Yellow twill cakes (wong4 ling4 sou1 黃菱酥) are both sweet and savoury, thanks to mung bean paste—and sometimes salted egg yolk—that is seasoned with salt, sesame oil, neutral oil, dried spring onion and white sugar. Skinned mung beans represent a man’s success in his career and love life. It is also the colour of the emperor, and as such represents the blessing of a union by this “son of heaven.”
The last of the twill pastries is the white twill cake (baak6 ling4 sou1 白菱酥), which is filled with lotus seed paste. Lotus seeds symbolise fertility, as the Chinese character for lotus, lin4 (蓮) is homophonous with lin4 (連) in the expression “lin4 saang1 gwai3 zi2” (連生貴子), which is delivered as a blessing to a married couple. It translates as “giving birth to precious sons consecutively,” reflecting a preference for sons over daughters that has long been common in Chinese society.
But not all bridal pastries carry wishes for wealth and prosperity. Chinese shortbread, a light and fluffy treat made with condensed milk, white sugar, oil and lard, is a modification of Xiqiao shortbread (sai1 ciu4 daai6 beng2 西樵大餅), which was a favourite of Ming Dynasty official Fong Hin, who served under the Jiajing Emperor (1507-1567). When he retired, he brought the recipe back to his hometown in Mount Xiqiao, Foshan, where the people found the shortbread easy to make, and economical for serving many guests during weddings. It is coated with white flour as a final touch to symbolise purity.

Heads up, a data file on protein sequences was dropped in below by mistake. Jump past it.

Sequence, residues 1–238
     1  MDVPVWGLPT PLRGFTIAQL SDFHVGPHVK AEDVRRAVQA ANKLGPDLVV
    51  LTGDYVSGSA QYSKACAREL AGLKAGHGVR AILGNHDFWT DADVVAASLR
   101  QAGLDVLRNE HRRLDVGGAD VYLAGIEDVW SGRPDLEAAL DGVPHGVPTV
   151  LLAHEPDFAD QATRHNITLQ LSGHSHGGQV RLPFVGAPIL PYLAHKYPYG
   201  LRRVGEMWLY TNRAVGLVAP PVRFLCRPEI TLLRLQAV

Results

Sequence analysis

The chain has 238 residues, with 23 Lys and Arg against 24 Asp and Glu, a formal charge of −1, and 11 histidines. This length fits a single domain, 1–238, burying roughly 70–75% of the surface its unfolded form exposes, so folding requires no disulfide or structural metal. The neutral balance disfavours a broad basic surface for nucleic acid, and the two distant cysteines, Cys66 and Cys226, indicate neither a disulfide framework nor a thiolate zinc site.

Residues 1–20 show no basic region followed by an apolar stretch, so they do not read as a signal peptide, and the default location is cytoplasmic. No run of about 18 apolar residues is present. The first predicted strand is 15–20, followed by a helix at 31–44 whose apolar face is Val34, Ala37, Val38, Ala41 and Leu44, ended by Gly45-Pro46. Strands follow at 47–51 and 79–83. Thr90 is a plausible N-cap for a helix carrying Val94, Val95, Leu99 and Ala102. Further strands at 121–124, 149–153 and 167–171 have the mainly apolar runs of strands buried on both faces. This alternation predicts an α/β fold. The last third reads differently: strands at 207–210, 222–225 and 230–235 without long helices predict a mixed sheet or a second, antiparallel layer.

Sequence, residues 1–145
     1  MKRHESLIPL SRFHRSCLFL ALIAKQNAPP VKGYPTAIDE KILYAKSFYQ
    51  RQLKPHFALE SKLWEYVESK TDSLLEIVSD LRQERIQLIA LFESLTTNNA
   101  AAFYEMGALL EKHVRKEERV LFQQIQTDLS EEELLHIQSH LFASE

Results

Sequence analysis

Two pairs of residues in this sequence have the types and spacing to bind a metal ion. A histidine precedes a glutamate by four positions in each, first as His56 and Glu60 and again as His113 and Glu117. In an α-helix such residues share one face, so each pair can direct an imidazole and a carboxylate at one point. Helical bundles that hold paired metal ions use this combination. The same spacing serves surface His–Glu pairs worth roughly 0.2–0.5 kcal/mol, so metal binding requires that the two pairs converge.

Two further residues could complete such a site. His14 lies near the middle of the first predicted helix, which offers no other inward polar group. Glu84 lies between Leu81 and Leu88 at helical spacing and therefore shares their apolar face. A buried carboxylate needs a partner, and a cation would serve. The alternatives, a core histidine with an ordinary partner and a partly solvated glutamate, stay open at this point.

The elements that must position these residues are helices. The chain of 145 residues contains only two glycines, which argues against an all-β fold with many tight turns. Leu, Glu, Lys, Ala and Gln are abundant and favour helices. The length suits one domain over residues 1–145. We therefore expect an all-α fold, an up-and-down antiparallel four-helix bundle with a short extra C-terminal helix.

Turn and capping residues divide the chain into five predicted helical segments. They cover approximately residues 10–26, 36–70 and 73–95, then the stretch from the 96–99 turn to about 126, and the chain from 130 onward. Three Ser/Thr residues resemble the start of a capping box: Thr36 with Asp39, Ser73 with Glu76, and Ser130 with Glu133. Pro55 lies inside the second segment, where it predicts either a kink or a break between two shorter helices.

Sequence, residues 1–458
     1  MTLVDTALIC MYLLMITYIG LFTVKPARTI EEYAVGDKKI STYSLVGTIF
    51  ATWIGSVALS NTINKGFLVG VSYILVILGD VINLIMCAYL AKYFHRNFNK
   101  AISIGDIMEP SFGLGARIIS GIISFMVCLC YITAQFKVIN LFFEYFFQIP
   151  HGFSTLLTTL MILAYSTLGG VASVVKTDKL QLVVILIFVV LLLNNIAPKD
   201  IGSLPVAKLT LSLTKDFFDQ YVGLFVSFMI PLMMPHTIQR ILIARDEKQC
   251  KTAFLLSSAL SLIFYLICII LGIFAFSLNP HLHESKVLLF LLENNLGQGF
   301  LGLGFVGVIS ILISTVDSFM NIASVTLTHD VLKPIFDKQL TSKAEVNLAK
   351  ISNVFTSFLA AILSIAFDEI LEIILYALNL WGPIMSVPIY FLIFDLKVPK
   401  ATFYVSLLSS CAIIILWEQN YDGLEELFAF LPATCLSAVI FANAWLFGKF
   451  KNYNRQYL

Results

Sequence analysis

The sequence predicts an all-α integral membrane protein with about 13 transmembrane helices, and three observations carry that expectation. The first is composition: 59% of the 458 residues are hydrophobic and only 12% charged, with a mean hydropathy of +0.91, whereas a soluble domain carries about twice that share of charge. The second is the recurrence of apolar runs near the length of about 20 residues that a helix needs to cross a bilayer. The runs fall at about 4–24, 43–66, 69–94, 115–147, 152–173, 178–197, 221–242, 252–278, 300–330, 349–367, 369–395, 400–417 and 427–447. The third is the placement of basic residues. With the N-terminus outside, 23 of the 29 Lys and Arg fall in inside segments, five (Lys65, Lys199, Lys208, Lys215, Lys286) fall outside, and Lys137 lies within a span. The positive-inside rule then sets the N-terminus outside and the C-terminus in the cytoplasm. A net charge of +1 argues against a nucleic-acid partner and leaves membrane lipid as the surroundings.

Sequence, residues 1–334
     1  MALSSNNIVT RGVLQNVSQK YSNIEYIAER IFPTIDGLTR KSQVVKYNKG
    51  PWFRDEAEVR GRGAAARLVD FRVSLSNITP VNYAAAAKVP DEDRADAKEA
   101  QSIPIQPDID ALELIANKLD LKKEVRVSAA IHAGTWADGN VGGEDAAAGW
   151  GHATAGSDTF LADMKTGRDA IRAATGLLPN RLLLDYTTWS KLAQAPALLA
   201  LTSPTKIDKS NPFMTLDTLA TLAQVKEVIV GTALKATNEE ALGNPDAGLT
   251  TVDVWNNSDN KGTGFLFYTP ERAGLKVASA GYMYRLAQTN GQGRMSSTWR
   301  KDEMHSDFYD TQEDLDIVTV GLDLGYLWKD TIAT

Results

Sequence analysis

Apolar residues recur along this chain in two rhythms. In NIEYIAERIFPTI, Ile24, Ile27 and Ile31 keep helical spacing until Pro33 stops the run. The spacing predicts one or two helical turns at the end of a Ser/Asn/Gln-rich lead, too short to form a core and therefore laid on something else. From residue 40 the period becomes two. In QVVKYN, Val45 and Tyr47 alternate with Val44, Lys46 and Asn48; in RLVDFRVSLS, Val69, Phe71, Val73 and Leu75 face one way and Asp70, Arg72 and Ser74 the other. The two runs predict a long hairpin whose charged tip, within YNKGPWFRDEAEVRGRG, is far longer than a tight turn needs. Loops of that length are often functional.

Family is a pillar of Chinese life, so to ensure a harmonious home, new couples are given walnut cookies (hat6 tou4 sou1 核桃酥). These golden, crunchy bites are baked with lard, corn starch, eggs, flour and walnuts, and in daily life they are often enjoyed as teatime snacks. But when it comes to special occasions such as marriage, the walnuts are sometimes replaced with more expensive Chinese white olive seeds, which are a symbol of fertility.
The Chinese cupcake (daai6 daan6 gou1 大蛋糕; “big cake”) can also be consumed as a teatime snack in general. Made simply with flour, eggs, sugar and butter, and baked in a flower-shaped cup, the cake is associated with spring blossoms. Since it expands during baking, it connotes an expansion of the wallet. When offered as an engagement gift, the Chinese cupcake can only be baked with a lotus seed-shaped cup, which has eight petals.
While most bridal pastries are sweet, the last one has savoury notes to balance the palate. Preserved egg puffs (pei4 daan2 sou1 皮蛋酥) are made by folding in the dough an assortment of ingredients: sweet pickled red ginger slices, white sesame, lotus seed paste and a whole preserved egg. When cut open, the freshly baked golden puff has distinct layers of texture and colour, and which implies richness and joy.
“A lot of traditional marriage rituals have been simplified in Hong Kong nowadays,” says Cheung Zi-wing. Younger generations find them a hassle, and have replaced traditional gifts with red packets of cash. It’s also common for couples to give pâtisserie or cake coupons to their guests instead of some traditional pastries. “But still, when it comes to proposals, grooms deliver Chinese bridal pastries to brides,” says Cheung. “After all, Chinese culture is still ingrained in the local community, and not every tradition can be replaced by Western or modern practices.”